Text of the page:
Despite being an inevitability in any organization, turnover wouldn’t rank very highly on any human resources professional’s list of favorite activities. On a good day, dealing with the issues created by turnover can be tedious at best, and on a bad day, downright loathsome. However, there are two sides to every story, and the story of turnover in the modern organization is no different.
Good vs. Bad Turnover
Both good and bad turnover usually include a fair amount of busy work, but positive and negative outcomes can result based on the specific circumstances surrounding the turnover. Good turnover covers a myriad of situations, but can be summed up by saying that it occurs when an employee leaves the company, either voluntarily or involuntarily, to the benefit of the organization. Maybe an individual that was lazy, behaving inappropriately, or otherwise not fitting into your organization’s culture volunteered to take his talents elsewhere. Or perhaps your organization is exploding in terms of growth, and moving to a new skyscraper downtown means losing a couple of employees. Maybe a low performer that has gone through all of the training and remedial resources available but still just isn’t meeting expectations and has to be let go. Due to the very nature of turnover, these scenarios all have a tinge of unpleasantness but in the big picture help make your organization more effective, productive, and successful overall.
Bad turnover, the more salient type, covers just as wide a variety of scenarios. Let’s say your highest performer was being headhunted and decided to leave for a better opportunity – that’s turnover. Or perhaps low profits last year lead to downsizing across the organization. Maybe the newest group of hires performs exceptionally poorly and an extra round of hiring needs to take place. Or maybe a poor employee who has been terminated attempts to file suit against the organization after leaving. All of these scenarios are examples of the negative aspects of turnover, not including the headaches associated with it such as additional paperwork, unpleasant conversations, and potentially even legal issues.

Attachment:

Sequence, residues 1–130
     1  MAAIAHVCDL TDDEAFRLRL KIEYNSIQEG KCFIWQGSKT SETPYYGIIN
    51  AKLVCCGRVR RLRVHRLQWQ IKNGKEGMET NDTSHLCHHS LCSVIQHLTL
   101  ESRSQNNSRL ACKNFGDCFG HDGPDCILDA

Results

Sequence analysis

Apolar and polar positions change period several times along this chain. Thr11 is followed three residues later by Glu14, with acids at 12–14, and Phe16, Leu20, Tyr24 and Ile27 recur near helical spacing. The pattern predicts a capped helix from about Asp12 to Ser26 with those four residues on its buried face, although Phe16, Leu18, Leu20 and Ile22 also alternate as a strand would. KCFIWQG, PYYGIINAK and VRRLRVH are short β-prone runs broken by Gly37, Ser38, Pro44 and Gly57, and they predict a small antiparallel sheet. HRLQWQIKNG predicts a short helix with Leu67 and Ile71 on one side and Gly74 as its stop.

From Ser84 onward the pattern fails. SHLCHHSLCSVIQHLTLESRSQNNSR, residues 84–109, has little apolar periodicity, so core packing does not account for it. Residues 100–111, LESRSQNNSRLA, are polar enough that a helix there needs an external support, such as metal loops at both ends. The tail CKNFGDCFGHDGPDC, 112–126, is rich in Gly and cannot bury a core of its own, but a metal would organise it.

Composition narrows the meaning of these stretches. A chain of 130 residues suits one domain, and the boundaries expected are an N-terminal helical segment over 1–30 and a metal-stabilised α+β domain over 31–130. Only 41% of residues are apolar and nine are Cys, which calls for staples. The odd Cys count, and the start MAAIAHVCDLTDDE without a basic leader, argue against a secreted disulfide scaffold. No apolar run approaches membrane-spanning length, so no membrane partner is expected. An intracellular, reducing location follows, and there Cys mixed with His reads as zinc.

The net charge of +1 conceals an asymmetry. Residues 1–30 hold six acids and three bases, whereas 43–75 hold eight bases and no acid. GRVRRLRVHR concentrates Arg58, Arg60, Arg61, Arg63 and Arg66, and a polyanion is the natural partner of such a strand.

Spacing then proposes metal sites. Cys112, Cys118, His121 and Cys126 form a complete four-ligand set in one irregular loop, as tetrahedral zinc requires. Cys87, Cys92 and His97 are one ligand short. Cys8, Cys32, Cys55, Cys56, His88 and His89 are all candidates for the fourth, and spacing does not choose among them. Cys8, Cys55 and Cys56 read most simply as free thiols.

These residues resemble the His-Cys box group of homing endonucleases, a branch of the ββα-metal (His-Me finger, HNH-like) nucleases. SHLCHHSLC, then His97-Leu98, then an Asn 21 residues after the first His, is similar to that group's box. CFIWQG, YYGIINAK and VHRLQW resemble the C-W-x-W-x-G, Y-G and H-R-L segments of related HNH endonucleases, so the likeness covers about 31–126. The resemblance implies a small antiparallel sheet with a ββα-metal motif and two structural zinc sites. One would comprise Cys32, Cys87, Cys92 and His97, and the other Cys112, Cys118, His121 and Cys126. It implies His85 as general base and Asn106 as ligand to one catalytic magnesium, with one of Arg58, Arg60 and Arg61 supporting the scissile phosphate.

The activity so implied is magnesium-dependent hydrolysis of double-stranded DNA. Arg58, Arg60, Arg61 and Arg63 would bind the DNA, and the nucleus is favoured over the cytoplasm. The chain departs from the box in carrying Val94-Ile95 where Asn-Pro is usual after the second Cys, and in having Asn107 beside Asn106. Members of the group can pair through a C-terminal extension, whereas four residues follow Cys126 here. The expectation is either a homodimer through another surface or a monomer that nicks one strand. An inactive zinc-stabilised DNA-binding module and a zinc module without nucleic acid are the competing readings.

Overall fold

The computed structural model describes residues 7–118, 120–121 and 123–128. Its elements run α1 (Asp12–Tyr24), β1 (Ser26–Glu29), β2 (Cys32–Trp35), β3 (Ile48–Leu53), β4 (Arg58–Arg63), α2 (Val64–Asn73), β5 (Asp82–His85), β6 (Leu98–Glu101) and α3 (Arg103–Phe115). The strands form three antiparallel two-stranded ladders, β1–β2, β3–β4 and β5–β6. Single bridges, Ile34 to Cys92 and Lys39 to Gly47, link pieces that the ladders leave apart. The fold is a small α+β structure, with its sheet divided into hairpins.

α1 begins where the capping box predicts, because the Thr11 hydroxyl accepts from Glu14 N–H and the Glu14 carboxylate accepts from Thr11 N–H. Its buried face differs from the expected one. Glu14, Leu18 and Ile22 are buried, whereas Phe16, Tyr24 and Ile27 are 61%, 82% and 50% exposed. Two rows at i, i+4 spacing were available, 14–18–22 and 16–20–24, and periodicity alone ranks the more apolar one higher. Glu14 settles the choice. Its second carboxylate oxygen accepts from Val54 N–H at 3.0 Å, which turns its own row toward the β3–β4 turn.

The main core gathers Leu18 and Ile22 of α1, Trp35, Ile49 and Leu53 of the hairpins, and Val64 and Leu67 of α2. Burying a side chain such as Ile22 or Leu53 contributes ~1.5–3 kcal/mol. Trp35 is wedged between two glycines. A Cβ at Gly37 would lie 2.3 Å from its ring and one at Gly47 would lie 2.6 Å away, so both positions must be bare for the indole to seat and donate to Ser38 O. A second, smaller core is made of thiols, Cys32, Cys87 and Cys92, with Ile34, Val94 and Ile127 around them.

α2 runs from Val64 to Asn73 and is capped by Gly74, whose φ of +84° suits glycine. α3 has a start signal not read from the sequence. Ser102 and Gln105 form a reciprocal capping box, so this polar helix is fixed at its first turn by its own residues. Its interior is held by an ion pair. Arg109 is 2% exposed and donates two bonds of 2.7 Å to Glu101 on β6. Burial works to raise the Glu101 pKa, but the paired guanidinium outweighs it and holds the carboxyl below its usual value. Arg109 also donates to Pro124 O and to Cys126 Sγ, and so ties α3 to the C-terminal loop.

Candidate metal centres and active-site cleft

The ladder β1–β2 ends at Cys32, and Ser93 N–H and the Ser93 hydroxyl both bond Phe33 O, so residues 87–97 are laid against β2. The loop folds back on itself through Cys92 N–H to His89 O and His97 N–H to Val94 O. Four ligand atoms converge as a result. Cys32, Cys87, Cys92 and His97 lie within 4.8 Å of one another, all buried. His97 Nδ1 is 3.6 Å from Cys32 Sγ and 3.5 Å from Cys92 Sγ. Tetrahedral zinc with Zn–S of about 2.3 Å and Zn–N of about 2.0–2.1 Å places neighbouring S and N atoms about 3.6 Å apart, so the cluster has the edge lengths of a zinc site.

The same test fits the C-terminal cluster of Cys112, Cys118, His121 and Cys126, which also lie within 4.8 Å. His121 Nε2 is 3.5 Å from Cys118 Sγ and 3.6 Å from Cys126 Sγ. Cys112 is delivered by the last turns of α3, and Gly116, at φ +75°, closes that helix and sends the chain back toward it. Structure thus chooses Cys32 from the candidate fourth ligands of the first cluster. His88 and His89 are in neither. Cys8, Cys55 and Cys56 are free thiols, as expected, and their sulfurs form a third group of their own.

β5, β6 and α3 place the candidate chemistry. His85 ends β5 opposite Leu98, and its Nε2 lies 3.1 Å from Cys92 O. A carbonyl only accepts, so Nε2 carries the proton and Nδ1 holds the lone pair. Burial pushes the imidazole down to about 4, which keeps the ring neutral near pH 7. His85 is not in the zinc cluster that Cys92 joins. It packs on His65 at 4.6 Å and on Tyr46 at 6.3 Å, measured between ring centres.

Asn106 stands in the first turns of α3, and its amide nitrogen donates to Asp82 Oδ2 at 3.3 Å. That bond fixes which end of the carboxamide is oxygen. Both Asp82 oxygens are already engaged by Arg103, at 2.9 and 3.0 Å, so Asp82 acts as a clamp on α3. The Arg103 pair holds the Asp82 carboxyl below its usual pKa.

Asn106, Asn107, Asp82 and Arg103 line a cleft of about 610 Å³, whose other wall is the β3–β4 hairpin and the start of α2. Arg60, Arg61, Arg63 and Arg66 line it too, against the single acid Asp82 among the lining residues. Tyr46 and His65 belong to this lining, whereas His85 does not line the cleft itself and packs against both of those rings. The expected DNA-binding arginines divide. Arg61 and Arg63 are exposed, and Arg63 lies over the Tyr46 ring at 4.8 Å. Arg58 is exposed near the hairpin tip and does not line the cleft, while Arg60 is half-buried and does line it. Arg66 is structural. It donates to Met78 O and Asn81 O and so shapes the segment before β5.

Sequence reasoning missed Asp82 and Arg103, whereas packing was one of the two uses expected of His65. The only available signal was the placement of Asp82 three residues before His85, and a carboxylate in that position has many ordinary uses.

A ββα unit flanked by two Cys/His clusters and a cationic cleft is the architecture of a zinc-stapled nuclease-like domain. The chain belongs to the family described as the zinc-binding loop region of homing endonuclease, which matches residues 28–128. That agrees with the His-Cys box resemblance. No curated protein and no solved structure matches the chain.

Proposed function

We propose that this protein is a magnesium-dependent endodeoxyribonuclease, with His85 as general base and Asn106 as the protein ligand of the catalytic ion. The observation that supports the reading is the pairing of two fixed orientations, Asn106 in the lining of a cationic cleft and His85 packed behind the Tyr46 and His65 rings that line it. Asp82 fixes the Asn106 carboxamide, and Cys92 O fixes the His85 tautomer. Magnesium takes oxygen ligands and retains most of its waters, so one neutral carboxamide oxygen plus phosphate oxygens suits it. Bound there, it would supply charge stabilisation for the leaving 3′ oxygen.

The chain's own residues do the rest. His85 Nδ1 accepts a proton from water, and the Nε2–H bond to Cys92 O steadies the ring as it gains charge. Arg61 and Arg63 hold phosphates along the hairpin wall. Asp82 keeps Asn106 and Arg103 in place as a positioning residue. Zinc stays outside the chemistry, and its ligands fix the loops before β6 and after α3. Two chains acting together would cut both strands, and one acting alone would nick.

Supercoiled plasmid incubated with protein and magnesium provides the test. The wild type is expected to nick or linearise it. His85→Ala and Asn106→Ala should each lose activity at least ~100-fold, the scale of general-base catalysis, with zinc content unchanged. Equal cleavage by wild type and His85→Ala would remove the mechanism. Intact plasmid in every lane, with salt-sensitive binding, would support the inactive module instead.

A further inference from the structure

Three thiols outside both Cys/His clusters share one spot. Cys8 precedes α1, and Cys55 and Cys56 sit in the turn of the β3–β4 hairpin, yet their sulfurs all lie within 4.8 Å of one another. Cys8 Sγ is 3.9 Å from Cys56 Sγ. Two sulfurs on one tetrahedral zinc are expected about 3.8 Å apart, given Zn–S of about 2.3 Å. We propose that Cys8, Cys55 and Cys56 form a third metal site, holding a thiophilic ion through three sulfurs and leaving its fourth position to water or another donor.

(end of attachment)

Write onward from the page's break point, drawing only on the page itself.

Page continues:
So How Do I Decrease Bad Turnover?
No human resources professional wants to jump through the hoops associated with any of the bad turnover situations. Fortunately, combating bad turnover is not strictly a reactive endeavor, there are proactive steps that can be taken to ensure that your organization has to deal with bad turnover as infrequently as possible. The first and foremost way to decrease bad turnover is through employee selection. Utilizing assessments that select for the highest performers, best fits, or otherwise good employees is the first step to ensuring that the fewest number of poor employees step foot in your company to begin with.
The next step is to see to it that the hiring process is as transparent as possible so that at no point during the process are candidates misled or otherwise caused to believe that the content of the work or the culture of the organization will be different than it actually is. This is to ensure that you are only hiring applicants who know that they can do the job and know that this company’s atmosphere is one that will mesh well with their personality.
Finally, regular formal performance reviews, and perhaps informal “check-ins” with employees will help ensure that they are meeting expectations, as well as show the employees that your organization cares about them past the bottom line, making them less likely to ditch you for a better opportunity.
These are just a few ways that an organization can maximize positives instances of turnover and
minimize negative ones. What other ways can you think of?
BIO Greg Kedenburg is a Consultant at Select International. His areas of expertise include the development of selection tools, job analysis, employee training, test validation and project management. Greg can be reached at [email protected] or via his LinkedIn profile here.